The claimant has 90 days from the date the extension notice is recorded to enforce the lien, but the lien must be enforced no later than one year after the completion of the construction or renovation project.
Florida requires lien claimants to enforce the lien within 1 year of filing the lien. The lien can only be extended if the claimant provides further services or materials after filing the lien. If this is the case, the claimant can file an amended lien, and the deadline to enforce is 1 year after the amended lien is filed (FL 713.22).
In Florida, the deadline to enforce a lien can also be shortened (moved earlier). The owner (or owner’s agent or attorney) may record a Notice of Contest of Lien with the clerk’s office, in which case the claimant has 60 days after the notice is recorded to enforce the lien. The notice is deemed recorded when the clerk mails a copy of the notice to the lien claimant.
Any party with an interest in the property may also shorten the deadline to take action by way of the county circuit court. The interested party can file a complaint with the court. If the court clerk, in response, issues a summons to the lien claimant, the claimant has 20 days from receiving the summons to either (a) enforce the lien, or (b) show why his or her lien should not be enforced at that time.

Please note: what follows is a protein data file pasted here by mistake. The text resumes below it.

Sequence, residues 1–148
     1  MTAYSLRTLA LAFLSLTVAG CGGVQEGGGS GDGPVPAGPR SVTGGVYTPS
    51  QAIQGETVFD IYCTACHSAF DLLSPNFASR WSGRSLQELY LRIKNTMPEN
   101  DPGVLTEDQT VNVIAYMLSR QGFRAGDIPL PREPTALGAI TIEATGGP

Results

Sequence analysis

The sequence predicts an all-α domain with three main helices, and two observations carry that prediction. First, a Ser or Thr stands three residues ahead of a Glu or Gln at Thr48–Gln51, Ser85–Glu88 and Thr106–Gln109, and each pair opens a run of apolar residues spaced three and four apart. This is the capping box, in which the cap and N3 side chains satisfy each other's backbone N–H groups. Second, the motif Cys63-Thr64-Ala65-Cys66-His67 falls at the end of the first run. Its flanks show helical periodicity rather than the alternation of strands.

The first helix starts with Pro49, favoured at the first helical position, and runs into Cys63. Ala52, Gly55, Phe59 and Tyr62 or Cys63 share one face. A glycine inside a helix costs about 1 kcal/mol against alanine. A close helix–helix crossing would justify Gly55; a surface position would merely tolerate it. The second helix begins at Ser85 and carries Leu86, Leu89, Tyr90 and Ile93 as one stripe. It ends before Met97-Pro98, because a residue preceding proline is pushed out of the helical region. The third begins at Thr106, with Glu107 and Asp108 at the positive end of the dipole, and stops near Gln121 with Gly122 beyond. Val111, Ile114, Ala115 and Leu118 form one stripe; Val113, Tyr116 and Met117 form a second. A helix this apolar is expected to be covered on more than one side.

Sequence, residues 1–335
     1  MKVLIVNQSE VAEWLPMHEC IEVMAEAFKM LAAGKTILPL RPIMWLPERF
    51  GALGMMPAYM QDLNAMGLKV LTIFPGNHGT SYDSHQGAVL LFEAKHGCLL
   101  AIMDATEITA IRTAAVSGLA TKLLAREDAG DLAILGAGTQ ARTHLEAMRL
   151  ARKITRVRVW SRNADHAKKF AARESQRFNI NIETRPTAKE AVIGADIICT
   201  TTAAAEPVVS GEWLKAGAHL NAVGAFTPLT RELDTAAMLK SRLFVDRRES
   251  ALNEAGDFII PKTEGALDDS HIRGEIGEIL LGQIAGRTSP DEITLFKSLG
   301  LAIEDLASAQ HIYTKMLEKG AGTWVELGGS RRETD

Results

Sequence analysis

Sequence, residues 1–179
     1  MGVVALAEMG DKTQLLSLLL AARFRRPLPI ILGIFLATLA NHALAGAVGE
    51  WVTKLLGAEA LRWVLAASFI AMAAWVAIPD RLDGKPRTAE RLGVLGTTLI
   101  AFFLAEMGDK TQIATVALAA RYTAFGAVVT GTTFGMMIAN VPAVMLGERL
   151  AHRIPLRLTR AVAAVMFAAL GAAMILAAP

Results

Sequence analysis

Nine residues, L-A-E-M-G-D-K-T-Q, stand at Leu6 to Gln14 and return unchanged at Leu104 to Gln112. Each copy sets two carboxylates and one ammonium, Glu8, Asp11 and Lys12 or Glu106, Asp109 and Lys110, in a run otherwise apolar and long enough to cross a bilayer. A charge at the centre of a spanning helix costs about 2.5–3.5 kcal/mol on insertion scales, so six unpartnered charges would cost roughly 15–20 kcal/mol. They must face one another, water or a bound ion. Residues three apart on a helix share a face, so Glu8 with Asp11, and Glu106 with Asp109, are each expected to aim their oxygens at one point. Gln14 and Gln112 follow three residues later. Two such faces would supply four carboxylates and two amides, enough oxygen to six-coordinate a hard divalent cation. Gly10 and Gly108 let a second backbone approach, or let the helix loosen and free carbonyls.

Idaho requires lien claimants to enforce the lien within 6 months of filing the lien. This period can be extended if a partial payment is made, or if an extension of credit is granted, and the date of payment or credit extension is “endorsed on the record of the lien.” In such a case, the deadline to enforce the lien is then 6 months after the date of payment or extension. Idaho statute is vague in describing what it means to endorse “on the record of the lien” (ID § 45-510).
New York requires lien claimants to enforce the lien within 1 year of filing the lien. The claimant can extend this deadline (except for a lien on a single-family residence) by filing an extension, within the initial 1-year period, with the same county office where the lien was recorded. Doing so gives the claimant 1 year from the date the extension is filed to enforce the lien. If the initial 1-year deadline passes, a claimant can attempt to gain a lien extension through an order from “a court of record or a judge or justice thereof.” If that happens, the lien is redocketed and the claimant has 1 year from the date of redocketing to enforce the lien (NY §17).
A lien on a single-family residence can only be extended by a court order. An extension granted by a court or judge cannot extend the lien for more than 1 year, but a claimant can gain such an extension twice (in two successive years).
Oregon requires lien claimants to enforce the lien within 120 days of filing the lien. This deadline can be extended by provisions in the lien, not after the lien is recorded. If the lien includes terms for an extended payment plan, the deadline to enforce the lien is 120 days after the final date of the extended payment. However, no lien can be enforced later than 2 years after the date the lien is originally filed (ORS § 87.055).